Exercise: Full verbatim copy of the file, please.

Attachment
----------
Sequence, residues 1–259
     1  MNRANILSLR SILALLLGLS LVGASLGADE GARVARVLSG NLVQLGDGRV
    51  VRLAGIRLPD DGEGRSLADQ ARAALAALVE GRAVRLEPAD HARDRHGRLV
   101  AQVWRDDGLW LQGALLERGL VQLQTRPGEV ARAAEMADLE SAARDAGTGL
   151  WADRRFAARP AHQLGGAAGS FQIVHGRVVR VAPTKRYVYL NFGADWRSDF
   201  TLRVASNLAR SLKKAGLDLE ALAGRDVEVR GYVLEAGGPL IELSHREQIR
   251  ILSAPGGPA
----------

Sequence, residues 1–259
     1  MNRANILSLR SILALLLGLS LVGASLGADE GARVARVLSG NLVQLGDGRV
    51  VRLAGIRLPD DGEGRSLADQ ARAALAALVE GRAVRLEPAD HARDRHGRLV
   101  AQVWRDDGLW LQGALLERGL VQLQTRPGEV ARAAEMADLE SAARDAGTGL
   151  WADRRFAARP AHQLGGAAGS FQIVHGRVVR VAPTKRYVYL NFGADWRSDF
   201  TLRVASNLAR SLKKAGLDLE ALAGRDVEVR GYVLEAGGPL IELSHREQIR
   251  ILSAPGGPA